The Arctic: Indicator of Global Change By Patricia Cochran

The Arctic may be seen as geographically isolated from the rest of the world, yet the Inuit hunter who falls through the thinning sea ice is connected to melting glaciers in the Andes and the Himalayas and to the flooding of low-lying and small island states.

Patricia Cochran

What happens in foreign capitals and in temperate and tropical countries affects us dramatically in the North. Many of the economic and environmental challenges we face result from activities well to the south of our homelands; and what is happening in the far North will affect what is happening in the South.

Inuit are experiencing firsthand the adverse effects of global environmental changes. But we are not powerless victims. We are determined to remain connected to the land, and sufficiently resilient to adapt to changing natural forces as we have for centuries.

Discussion of climate change frequently tends to focus on political, economic and technical issues rather than human impacts and consequences. We need to be aware of the dramatic social and cultural impacts indigenous peoples face in coming years.

Eroded Lives

For generations Inuit have observed the environment and have accurately predicted weather and sea-ice conditions, enabling us to travel safely on the sea ice to hunt seals, whales, walrus and polar bears. Talk to hunters across the North, and they will tell you the same story: the weather is increasingly unpredictable. The look and feel of the land is different. The sea ice is changing. Hunters are having difficulty navigating and traveling safely. We have even lost experienced hunters through the ice in areas that, traditionally, were safe. As a result of melting glaciers it is now difficult, sometimes even dangerous, for us to travel to many of our traditional hunting and harvesting sites.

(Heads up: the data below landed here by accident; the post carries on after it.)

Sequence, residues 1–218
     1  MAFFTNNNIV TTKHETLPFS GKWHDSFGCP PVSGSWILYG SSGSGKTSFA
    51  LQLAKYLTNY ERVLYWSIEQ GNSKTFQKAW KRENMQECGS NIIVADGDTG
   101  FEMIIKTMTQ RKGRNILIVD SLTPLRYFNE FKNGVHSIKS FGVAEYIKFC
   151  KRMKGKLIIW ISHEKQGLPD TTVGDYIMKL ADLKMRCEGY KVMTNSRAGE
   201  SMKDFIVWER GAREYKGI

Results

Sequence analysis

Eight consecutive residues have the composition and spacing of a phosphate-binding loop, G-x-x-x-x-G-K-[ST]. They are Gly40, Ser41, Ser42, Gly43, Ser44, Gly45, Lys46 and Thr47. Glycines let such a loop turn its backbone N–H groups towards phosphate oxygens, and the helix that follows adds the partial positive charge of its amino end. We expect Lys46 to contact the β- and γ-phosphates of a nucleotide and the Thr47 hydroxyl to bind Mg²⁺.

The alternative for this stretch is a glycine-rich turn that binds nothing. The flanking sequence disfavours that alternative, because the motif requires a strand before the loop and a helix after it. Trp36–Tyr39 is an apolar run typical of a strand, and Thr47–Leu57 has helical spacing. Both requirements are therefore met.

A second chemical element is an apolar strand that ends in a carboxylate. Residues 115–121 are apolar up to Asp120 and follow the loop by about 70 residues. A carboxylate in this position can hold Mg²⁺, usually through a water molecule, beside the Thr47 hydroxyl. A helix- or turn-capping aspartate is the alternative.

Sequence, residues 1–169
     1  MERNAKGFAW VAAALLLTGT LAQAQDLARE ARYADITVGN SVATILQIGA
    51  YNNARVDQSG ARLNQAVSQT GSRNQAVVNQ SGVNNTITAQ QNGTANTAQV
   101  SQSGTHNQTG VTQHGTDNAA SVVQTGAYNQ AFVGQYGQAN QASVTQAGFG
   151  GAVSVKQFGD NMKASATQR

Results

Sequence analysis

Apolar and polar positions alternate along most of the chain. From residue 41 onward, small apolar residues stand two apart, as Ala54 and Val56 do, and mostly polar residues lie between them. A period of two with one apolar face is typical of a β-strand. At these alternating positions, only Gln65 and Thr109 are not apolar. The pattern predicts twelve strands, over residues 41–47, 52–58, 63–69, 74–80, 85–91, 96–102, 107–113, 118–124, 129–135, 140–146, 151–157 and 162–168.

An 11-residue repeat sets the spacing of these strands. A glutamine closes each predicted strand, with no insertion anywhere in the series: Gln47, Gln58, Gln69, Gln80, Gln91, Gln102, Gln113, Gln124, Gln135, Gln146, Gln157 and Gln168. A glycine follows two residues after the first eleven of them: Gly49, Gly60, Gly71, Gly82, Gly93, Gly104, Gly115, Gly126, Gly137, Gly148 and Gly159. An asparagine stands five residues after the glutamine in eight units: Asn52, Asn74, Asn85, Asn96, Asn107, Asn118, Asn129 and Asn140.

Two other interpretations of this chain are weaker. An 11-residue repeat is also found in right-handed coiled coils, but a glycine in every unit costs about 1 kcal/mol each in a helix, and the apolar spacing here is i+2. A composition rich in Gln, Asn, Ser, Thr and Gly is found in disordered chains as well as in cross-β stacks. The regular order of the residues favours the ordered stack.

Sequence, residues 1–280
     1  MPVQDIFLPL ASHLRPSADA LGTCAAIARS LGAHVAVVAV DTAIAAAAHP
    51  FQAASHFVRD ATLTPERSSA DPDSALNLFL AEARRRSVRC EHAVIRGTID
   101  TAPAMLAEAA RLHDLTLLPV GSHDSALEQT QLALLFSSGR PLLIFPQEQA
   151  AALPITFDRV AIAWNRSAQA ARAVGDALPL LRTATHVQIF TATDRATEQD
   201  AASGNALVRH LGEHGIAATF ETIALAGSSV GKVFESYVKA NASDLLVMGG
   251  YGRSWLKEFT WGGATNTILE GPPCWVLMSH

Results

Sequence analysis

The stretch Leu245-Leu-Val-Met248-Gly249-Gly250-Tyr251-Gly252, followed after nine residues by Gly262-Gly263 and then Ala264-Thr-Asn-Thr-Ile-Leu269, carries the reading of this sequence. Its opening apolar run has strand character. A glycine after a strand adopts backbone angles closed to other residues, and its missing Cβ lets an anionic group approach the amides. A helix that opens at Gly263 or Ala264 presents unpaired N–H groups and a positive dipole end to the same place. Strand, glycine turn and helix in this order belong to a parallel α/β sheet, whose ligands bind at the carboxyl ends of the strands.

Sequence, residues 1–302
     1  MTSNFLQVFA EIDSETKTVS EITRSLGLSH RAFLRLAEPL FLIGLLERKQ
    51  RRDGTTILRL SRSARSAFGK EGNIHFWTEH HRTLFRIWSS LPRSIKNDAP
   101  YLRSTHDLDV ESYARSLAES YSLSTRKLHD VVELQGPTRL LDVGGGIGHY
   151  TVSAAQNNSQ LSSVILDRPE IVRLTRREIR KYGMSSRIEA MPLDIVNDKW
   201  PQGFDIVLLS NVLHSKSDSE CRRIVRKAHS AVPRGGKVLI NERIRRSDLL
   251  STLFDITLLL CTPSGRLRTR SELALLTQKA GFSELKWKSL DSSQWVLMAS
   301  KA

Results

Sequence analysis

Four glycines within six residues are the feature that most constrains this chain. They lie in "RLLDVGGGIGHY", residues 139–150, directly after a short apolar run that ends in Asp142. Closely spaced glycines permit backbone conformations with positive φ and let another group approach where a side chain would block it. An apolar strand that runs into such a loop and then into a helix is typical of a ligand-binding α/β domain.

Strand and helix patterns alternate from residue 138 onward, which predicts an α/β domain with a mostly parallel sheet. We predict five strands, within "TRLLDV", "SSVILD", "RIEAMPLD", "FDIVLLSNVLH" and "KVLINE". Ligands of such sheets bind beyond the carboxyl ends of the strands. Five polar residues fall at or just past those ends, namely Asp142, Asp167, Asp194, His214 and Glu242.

A young woman from Cape Dorset, Nunavut

Several Inuit villages have already been so damaged by global warming that relocation, at the cost of hundreds of millions of dollars, is now their only option. Melting sea ice and thawing permafrost have caused damage to houses, roads, airports and pipelines; erosion, slope instability and landslides; contamination of drinking water; coastal losses to erosion of up to 30 meters per year; and melting of natural ice cellars for food storage.

For instance, residents of Sachs Harbour, a tiny community in the Canadian Beaufort Sea region, report melting permafrost causing beach slumping and increased erosion; increased snowfall; longer sea-ice-free seasons; new species of birds and owls, robins, pin-tailed ducks and salmon invading the region; and an onslaught of mosquitoes and black flies.

Plans are well under way to relocate certain Arctic communities. Climate change is not just a theory to us in the Arctic; it is a stark and dangerous reality. Climate change is undermining the ecosystem upon which Inuit depend for their physical and cultural survival.

The Arctic is of vital importance in the global debate on how to deal with climate change because the Arctic is the barometer of the globe’s environmental health. We are indeed the canary in the global coal mine.

The Arctic Climate Impact Assessment projects dramatic and drastic depletion of sea ice. In the next few decades year-round sea ice may be limited to a small portion of the Arctic Ocean around the North Pole. The rest of the Arctic will be ice-free in summer.